Wilfred Picard

(1914 - 2007) - Front-line child

At the outbreak of war, an infant Wilfred was taken by his mother, a nurse, to the Red Cross hospitals in France. He recalled hearing the cannons from the front line and watching sick soldiers returning to England. Picard moved to Cornwall in his 30s and trained as a potter with Bernard Leach.

Credit: Archives and Cornish Studies Service

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In ‘My Story’, written by Wilfred Bede Picard when he was just 9 years old, he recalled how he had been born on July 28th 1914, just eight days before the outbreak of war. His father, a Camborne School of Mines lecturer, was away in South America while his heavily pregnant mother stayed behind.

Initially, they lived in London. Upon his return his father, who was in the Royal Naval Volunteer Reserve service, was called up as he could fly a plane. Wilfred and his mother didn’t see him for three years. Wilfred’s mother wanted to contribute to the war effort so went to France as a Red Cross nurse, taking her baby son with her. They lived with her parents – a Red Cross captain and a nurse - in Boulogne and Wilfred was looked after by a nanny to free his mother up to care for wounded soldiers. In his childhood autobiography he describes seeing the soldiers marching and sick men heading back to England. He recorded, ‘Mama says it was too cruel to see and I was too little to know about it’. Wilfred remembered the cannons firing at night as they were so near to the Front, and a big bang when a bomb fell on a hospital ship in the harbour. So many people were wounded or killed then that his mother worked for three days straight trying to care for them.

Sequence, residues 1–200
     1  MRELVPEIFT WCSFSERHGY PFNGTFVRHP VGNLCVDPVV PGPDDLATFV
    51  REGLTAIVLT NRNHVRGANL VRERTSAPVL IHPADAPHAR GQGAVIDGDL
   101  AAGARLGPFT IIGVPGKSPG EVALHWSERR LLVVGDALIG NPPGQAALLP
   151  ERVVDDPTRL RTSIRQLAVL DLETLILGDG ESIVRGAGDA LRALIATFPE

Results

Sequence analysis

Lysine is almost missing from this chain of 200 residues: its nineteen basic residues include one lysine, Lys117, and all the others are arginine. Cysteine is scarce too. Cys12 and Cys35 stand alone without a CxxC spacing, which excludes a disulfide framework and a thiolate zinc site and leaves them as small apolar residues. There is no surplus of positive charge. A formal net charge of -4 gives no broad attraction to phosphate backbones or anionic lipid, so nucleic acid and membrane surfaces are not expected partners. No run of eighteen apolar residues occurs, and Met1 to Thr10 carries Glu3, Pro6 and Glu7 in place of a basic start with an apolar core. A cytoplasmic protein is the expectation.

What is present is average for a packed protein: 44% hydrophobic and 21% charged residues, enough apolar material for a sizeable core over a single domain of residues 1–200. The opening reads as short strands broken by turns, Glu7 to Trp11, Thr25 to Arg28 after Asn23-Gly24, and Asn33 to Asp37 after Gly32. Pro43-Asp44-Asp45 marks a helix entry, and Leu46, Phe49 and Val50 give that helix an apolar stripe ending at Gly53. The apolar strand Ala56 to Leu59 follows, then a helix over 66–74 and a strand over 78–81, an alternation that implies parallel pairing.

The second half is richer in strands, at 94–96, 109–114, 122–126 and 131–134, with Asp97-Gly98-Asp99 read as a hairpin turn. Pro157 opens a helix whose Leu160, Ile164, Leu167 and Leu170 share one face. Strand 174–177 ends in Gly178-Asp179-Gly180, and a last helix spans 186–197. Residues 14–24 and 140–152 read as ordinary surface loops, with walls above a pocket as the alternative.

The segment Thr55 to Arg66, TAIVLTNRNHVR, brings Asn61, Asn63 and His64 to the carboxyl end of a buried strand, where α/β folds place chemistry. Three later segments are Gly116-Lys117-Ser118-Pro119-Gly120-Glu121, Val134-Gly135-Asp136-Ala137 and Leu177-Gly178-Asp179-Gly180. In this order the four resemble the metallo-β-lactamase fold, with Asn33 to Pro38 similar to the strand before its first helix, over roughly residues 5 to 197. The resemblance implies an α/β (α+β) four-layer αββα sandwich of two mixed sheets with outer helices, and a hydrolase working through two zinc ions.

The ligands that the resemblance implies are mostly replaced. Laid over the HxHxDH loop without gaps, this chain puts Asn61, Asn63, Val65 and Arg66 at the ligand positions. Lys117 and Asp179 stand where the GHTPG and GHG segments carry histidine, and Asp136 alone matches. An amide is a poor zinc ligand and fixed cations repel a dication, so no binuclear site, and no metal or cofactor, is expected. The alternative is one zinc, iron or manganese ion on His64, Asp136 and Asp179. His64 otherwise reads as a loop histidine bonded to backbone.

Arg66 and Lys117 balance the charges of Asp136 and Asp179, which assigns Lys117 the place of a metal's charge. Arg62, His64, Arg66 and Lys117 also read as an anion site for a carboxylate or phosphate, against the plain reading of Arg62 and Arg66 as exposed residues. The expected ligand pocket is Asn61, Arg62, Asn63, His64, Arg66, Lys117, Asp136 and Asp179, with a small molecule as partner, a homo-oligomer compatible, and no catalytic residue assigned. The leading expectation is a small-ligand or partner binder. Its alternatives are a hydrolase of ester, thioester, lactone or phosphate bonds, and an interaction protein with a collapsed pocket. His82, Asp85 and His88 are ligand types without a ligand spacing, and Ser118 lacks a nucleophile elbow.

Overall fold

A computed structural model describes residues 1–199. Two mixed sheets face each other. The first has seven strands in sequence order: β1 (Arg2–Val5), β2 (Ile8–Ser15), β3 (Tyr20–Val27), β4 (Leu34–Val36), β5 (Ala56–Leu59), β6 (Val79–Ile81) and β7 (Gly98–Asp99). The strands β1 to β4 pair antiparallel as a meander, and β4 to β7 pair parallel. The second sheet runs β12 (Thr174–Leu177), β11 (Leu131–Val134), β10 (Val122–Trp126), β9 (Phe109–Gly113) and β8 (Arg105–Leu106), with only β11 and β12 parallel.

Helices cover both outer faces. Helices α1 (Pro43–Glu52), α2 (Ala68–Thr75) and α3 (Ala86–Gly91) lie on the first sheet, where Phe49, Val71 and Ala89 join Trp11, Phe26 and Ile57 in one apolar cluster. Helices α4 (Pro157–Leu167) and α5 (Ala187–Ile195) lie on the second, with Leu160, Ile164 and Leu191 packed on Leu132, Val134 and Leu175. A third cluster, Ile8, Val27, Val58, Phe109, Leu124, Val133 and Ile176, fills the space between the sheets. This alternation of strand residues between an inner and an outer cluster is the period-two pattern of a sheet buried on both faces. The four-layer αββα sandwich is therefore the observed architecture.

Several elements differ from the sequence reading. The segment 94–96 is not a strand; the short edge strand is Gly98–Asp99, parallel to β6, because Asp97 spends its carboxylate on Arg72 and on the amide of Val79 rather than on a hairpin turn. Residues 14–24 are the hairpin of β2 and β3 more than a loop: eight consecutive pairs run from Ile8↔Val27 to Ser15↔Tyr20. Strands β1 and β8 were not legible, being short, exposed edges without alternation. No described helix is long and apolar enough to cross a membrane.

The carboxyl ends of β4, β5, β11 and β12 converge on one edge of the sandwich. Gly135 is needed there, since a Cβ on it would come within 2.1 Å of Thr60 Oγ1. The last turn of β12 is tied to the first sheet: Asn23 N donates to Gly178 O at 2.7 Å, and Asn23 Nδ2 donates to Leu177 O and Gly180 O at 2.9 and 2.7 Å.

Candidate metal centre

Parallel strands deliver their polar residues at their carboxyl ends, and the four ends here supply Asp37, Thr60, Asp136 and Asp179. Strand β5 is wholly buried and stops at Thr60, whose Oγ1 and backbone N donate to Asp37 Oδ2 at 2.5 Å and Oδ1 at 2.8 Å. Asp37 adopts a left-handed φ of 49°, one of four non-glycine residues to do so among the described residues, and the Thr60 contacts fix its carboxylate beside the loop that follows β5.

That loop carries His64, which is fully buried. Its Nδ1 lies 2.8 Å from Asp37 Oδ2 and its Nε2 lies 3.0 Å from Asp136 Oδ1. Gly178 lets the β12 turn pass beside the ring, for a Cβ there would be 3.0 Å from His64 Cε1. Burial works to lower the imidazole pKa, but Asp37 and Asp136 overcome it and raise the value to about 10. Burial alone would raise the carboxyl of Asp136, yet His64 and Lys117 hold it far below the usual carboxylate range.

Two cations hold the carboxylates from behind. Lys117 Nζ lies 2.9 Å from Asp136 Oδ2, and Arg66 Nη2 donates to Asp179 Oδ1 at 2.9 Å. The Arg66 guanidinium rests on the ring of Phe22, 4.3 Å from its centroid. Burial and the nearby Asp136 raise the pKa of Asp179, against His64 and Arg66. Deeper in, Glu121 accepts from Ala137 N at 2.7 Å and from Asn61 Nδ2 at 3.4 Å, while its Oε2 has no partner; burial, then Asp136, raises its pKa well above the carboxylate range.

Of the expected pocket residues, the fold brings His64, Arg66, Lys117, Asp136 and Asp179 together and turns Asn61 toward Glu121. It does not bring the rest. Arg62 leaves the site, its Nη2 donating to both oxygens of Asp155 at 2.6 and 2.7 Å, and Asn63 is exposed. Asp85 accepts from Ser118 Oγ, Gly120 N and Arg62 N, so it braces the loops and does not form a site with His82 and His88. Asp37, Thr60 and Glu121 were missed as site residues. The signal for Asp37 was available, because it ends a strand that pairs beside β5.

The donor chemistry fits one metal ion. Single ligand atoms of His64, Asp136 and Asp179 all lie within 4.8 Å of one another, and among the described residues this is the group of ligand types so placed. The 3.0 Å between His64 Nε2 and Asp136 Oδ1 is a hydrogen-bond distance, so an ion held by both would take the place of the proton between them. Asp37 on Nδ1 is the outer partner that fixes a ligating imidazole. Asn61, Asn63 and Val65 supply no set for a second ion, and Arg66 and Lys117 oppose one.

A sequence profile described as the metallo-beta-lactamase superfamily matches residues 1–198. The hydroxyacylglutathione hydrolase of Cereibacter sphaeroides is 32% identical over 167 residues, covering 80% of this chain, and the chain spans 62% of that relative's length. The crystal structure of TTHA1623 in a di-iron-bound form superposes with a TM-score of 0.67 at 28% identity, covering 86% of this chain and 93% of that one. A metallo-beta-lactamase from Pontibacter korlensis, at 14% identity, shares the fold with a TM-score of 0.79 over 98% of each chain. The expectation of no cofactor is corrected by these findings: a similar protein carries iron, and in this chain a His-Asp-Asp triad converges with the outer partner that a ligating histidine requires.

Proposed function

Wilfred’s father’s plane was shot down and crashed into the sea; he was rescued but became ill with tuberculosis and was hospitalised in Egypt. He returned to London where he was joined by Wilfred and his mother. Wilfred recalled witnessing zeppelin raids over the capital. Eventually the family left London and moved to South America to improve his father’s health. En-route they stayed in Spain awaiting a ship and met many Russians escaping the 1917 revolution. The voyage was dangerous and the ship sailed at night around the Mediterranean to avoid U-boats. After six weeks they arrived in Rio and travelled on to Chile where they spent the rest of the war.

Picard’s later life was no less adventurous as his uncatalogued archive collection demonstrates. His diaries cover the Spanish civil war, Second World War army exploits – including his 1940 evacuation from St Nazaire - as well as trips to Africa. He started a pottery and shop in Mousehole in 1954 as well as a Buddhist group. 

Key words: children

Credit: Archives and Cornish Studies Service